During my PGCE year, my university often ran workshops during the study weeks that would supplement our classroom experiences while enhancing our ability to reach the Core Standards. One such workshop was about, or rather it was entitled, ‘Behaviour Management’. A frightfully misleading term used in professional practice to encompass everything from dealing with low level disruption to what to do in the event of a chair being thrown at you. It infers that you, the teacher, can ‘manage’ the behaviour of others. There is no other profession in the world that encourages this. Just look at any other work place that deals with people for comparison. Posters like the one below adorn the walls of hospitals, train stations and shops up and down the country. Their message is clear. It is the responsibility of those accessing the service provided to control their own behaviour.
By contrast, in teaching, we take the complete opposite approach. In the absence of such a policy we have adopted a culture of tolerance and understanding (try to remember that the people we deal with are children). We attempt to manage the behaviour around us and are encouraged to believe that we can. There is little discussion of the role of our own behaviour.
In life BT, I had little call to consider the behaviour of others or my reaction to it. The only time I ever raised my voice was to attract attention in a crowd or when the background noise required it. I don’t enjoy the process of shouting and I don’t like how I feel afterwards. I thought of it as being a loss of control and, if I’m honest, judged others when they did. It is only since becoming a teacher however that I really understand for the first time that while it is a loss of control, it is also a release of emotions. I have written before about emotional responses to teaching and again find myself asking how healthy it all really is.
I had my first experience of properly raising my voice last term when I reacted to a pupil’s constant interruptions by shouting. It had been a long day, my lesson wasn’t going as well as I’d have liked and this particular pupil often interrupts me and others. We had reached the third (or even fourth time) and I had had enough. It wasn’t just that I raised my voice, it was also that I sounded angry. It was completely out of character for me as a person and a teacher (I frequently separate the two) and my class reacted accordingly: with complete silence and shock. I sent the child outside and asked the TA to supervise the next activity. Once outside I did the only thing I could; I apologised. We had a restorative conversation about how we could avoid the same thing happening again and went back inside. The lesson moved on and while the pupil showed no sign of bearing a grudge, I couldn’t shake the feeling that, somehow, I had crossed a line. That I had fallen into the temper trap.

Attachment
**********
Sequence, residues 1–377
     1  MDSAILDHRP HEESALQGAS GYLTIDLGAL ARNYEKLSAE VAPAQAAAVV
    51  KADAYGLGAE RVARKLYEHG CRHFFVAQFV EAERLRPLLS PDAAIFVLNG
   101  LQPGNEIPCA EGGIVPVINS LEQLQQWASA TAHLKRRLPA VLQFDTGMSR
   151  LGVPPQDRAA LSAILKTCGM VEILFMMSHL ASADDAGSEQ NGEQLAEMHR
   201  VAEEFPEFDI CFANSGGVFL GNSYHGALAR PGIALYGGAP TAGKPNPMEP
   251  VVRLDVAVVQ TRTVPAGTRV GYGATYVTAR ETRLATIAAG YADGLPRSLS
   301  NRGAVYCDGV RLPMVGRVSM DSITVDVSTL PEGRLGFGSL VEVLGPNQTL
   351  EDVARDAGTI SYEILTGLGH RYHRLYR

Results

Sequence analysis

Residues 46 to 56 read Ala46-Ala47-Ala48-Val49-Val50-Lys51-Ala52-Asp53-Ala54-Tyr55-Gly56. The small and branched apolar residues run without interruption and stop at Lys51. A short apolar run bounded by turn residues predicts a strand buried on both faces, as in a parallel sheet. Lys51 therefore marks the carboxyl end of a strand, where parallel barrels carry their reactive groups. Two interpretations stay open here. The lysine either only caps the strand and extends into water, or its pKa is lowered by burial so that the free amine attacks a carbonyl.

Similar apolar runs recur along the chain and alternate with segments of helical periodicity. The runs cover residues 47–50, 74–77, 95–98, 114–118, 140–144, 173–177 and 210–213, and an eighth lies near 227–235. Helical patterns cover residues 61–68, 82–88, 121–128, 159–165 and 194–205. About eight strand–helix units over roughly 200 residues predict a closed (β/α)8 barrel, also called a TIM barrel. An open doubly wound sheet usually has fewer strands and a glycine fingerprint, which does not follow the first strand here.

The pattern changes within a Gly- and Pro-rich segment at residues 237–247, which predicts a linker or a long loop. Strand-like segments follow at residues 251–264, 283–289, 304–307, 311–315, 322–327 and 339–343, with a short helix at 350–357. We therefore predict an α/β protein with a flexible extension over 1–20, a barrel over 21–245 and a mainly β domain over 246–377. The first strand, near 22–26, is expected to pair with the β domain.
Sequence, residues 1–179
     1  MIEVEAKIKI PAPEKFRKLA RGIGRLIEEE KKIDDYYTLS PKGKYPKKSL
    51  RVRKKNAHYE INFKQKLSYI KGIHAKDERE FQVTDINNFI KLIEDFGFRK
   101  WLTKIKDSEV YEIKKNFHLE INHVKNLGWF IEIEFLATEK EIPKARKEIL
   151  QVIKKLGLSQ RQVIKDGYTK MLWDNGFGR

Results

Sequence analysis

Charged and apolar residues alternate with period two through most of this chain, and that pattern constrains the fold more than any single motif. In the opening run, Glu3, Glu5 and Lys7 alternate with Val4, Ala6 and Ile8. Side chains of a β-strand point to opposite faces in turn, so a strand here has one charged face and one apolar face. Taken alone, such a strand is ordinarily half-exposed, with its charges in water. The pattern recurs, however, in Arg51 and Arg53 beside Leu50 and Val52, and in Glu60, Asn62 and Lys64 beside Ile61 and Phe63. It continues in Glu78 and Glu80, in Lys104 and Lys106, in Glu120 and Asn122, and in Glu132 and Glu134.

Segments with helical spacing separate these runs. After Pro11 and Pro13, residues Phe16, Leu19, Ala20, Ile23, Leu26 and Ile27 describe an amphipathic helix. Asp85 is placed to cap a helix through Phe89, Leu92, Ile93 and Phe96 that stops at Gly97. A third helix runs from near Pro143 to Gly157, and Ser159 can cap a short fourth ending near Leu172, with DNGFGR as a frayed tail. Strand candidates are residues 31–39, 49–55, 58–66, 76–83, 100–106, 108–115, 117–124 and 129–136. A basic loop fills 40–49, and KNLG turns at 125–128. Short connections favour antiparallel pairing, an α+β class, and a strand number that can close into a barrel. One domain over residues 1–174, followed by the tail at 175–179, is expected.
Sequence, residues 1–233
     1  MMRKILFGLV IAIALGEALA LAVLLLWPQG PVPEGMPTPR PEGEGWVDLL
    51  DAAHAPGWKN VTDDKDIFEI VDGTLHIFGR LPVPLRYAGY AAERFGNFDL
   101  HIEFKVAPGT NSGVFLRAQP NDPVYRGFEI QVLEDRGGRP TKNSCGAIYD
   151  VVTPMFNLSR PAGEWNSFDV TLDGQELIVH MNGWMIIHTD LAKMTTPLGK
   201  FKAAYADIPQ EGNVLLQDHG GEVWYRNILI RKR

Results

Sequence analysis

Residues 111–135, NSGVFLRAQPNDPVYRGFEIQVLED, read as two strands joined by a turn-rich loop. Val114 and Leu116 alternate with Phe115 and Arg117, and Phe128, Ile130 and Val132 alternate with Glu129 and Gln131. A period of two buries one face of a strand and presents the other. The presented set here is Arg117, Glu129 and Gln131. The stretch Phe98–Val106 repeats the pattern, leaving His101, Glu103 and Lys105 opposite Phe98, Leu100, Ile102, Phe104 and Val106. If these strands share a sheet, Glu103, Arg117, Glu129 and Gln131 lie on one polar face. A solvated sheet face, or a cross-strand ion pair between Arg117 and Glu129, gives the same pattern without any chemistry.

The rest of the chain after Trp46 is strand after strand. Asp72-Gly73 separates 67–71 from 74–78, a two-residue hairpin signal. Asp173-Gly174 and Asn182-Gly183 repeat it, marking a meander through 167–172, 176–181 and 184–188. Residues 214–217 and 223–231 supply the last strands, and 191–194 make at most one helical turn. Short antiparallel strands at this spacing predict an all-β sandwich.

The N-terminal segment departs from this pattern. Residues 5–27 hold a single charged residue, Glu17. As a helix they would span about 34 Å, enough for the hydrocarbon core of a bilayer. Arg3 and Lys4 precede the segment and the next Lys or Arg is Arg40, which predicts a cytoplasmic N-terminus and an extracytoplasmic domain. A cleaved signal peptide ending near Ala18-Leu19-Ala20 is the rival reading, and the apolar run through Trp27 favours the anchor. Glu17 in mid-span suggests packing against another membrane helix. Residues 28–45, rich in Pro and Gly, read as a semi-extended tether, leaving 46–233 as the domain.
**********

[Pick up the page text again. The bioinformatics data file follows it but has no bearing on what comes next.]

Not one of my behaviour management workshops addressed this. That at times I might have to manage my own reactions. All the strategies we discussed and role played were focused on the other individuals in the equation, the children. It was assumed that we, the adults, would be in perfect control of our own reactions at all times.
I have, of course, come to realise that everyone in the classroom is only human and with this humanity comes inevitable failings. For the children this will mean not being able to control their outbursts despite repeated warnings that they must. For the teacher this will mean losing patience when workshop guaranteed ‘behaviour management’ techniques fail them. The key for both is to have a way back. To be able to have that restorative conversation.
So how can we avoid the temper trap?
Here are some techniques I use in my classroom. They may or may not have been suggested at workshops.
1. Wait for silence. This is still the best advice I was ever given and I stick to it rigidly – I never talk when they are.
2. Have the starter on the table when they come in – there is a reason why this is recommended. When I haven’t planned this part of my lesson properly I really see it in their behaviour.
3. Reward those doing the right thing. It helps create a positive vibe.
4. Give everyone a break. If it’s not going well, throw it out and do something else.